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The San Francisco Daily Morning Call, July 24, 1864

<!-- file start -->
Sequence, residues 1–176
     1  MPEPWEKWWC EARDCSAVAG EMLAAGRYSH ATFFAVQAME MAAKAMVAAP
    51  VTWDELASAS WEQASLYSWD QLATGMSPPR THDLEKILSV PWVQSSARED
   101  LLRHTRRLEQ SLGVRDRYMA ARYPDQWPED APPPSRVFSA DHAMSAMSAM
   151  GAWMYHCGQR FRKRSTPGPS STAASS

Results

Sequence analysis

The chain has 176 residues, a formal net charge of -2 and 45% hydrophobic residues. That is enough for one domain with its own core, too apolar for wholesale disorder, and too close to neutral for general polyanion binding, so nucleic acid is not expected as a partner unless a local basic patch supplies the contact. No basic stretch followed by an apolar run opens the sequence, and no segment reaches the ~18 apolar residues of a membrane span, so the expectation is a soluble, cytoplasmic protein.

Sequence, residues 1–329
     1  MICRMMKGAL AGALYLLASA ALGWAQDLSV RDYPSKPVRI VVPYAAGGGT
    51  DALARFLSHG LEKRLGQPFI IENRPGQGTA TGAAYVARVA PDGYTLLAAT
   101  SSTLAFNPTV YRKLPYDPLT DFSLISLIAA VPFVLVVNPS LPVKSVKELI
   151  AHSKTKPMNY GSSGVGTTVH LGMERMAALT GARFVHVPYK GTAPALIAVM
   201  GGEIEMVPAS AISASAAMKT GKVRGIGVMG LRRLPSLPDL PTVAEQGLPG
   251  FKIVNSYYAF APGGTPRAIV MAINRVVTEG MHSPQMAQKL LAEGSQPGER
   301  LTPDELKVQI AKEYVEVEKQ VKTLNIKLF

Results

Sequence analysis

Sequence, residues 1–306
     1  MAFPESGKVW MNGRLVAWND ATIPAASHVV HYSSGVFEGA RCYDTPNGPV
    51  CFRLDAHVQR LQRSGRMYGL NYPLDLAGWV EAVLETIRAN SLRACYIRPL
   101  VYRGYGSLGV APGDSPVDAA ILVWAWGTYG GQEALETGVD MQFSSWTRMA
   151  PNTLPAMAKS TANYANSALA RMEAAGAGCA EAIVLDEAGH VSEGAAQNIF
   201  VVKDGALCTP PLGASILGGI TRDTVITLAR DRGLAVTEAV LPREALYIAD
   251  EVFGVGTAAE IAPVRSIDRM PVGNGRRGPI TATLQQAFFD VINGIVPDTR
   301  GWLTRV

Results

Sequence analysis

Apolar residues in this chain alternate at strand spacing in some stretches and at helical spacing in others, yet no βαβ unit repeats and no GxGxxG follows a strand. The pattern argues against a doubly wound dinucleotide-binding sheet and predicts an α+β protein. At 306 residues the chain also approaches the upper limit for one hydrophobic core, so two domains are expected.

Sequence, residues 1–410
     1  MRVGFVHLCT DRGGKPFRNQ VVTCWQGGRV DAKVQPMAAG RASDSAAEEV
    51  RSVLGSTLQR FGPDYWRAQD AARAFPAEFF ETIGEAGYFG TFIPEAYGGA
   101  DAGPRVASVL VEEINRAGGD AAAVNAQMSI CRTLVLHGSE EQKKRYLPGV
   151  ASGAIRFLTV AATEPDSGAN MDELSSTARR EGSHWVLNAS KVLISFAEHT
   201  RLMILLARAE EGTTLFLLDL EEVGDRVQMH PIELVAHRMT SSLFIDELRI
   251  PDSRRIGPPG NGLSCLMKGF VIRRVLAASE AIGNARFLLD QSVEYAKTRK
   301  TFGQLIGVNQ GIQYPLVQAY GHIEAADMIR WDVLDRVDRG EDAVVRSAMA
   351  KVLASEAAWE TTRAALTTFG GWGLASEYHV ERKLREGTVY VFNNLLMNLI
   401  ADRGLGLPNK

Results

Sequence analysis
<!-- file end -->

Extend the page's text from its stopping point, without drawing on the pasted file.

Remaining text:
We chronicle the usual visitations of justice upon those persons whose errors are venial, and the result of an unfortunate appetite, or temper, always with a feeling of regret that the well-being of society demands inflexibly a judgment "according to the law and the testimony." We can compassionate the man whose domestic troubles, or business reverses, drive him to drink frenzy from the bowl, or who, in a momentary heat, retaliates on wanton injury, or insult, or errs through ignorance; but there are instances where the only regret is that the power of the Judge to punish is limited to a penalty not at all commensurate with the magnitude of the offence. In the case of George Lambertson, who was arrested for infamous demoralizing practices with young school girls, and who pleaded guilty in the Police Court, Judge Shepheard inflicted upon the miscreant the heaviest penalty prescribed by the law for his crime. Lambertson receives a term of three months in the County Jail, and a fine of five hundred dollars, (which fine will extend the term of imprisonment until the full amount is served out, at the rate of two dollars per day, in addition to the three months aforesaid,) is a part of the penalty.

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